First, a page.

One of the features of the M1 is that it is a RISC-based chip, designed using the ARM instruction set. This means that it has more in common with the chips commonly found in smartphones and tablets than those typically used in desktops or laptops. This already makes the M1 unusual, but it’s not unique. Microsoft Surface Pro X also uses a custom ARM chip, co-designed with Qualcomm, called SQ2. At first glance, these processors are similar: the SQ2 and M1 both use a 4 + 4 core design with a mix of high and low power cores, they both have 16 GB of RAM and they are designed as an SoC or a “system-on-a-chip,” which means that all of the components that you typically find on a computer are integrated into a single chip.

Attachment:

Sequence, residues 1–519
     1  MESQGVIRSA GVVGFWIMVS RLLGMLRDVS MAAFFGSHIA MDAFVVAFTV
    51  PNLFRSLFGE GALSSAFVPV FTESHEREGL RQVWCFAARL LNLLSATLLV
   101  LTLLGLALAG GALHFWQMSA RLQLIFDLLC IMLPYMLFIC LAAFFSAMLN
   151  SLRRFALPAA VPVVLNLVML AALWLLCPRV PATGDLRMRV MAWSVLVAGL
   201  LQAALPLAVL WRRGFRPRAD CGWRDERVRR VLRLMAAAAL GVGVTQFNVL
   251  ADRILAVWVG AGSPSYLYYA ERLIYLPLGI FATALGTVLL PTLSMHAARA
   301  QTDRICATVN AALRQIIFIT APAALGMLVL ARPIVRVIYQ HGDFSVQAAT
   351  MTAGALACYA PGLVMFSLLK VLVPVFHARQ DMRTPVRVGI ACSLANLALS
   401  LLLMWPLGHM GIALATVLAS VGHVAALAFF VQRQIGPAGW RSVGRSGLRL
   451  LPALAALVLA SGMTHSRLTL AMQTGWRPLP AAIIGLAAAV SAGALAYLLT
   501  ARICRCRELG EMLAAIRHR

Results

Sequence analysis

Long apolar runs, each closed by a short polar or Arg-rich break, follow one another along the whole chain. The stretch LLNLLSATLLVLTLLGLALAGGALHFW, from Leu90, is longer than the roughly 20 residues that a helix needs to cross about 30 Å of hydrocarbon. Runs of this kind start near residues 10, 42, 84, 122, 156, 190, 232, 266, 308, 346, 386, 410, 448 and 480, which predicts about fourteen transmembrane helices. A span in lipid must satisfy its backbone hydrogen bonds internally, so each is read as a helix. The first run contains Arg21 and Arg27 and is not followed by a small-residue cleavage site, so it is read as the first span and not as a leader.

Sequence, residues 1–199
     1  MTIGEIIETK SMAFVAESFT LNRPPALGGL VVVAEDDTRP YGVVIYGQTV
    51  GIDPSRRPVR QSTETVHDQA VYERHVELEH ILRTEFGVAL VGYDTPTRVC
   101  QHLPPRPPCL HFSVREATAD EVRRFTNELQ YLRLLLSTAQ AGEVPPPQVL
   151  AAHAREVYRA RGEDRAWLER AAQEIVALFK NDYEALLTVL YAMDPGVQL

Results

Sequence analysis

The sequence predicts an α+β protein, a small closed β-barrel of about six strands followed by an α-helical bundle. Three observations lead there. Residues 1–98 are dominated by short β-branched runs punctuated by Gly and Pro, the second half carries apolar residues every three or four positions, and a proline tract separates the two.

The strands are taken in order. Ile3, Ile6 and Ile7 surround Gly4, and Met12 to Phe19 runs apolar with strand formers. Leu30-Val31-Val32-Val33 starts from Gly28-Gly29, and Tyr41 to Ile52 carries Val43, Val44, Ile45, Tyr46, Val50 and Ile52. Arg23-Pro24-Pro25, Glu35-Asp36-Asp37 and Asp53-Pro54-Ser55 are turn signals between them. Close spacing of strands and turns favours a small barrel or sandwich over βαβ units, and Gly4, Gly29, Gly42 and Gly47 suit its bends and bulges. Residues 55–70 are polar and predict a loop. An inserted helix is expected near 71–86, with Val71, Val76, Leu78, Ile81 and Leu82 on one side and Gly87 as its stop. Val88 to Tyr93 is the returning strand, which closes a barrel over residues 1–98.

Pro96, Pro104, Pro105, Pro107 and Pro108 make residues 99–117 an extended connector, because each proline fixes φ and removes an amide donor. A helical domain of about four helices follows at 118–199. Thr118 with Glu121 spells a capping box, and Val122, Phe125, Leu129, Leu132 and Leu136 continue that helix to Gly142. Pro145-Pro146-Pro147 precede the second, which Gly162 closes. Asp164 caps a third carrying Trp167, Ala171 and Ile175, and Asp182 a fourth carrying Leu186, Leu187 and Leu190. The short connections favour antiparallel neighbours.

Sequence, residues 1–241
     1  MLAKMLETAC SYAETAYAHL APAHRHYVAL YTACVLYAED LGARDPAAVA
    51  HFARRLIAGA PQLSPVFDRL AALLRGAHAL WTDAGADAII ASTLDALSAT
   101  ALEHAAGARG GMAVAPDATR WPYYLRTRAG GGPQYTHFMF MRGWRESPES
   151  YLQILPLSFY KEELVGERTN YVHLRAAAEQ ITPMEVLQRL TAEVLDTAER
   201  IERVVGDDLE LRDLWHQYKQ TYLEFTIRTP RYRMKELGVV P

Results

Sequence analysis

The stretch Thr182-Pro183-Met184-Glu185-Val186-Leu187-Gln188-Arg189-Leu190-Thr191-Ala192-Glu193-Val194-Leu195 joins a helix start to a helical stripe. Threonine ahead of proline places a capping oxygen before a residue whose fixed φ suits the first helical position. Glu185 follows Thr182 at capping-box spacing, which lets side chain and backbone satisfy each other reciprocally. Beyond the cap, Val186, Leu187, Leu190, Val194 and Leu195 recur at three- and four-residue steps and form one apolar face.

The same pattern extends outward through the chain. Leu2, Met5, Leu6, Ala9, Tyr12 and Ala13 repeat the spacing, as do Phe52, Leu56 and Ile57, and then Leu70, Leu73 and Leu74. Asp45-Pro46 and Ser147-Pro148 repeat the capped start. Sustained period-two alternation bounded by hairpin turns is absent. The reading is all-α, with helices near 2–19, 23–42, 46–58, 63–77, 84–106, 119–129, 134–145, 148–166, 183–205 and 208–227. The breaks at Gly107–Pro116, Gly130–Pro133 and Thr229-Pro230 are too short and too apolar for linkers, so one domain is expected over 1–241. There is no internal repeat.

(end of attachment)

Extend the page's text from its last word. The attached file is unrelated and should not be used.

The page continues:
There, the similarities end. Not only is the M1 much faster than the SQ2, but Apple has pulled off a pretty amazing feat when it comes to emulation. Their Rosetta 2 emulator allows you to run pretty much any software that runs on an Intel mac, with a slight loss of performance. Windows also has an emulator, but in our experience it’s slow, buggy, and limited to 32-bit apps (at the moment).
Traditionally, there have been real hardware reasons why running Intel or AMD software on an ARM chip is slow, which makes Apple’s achievement all the more impressive. In this episode, we test the M1 against the SQ2 and an Intel Macbook Pro, and take a look at how Apple achieved such good emulator performance. In the next episode, we’ll get into the architecture itself to explain how the M1 is so fast.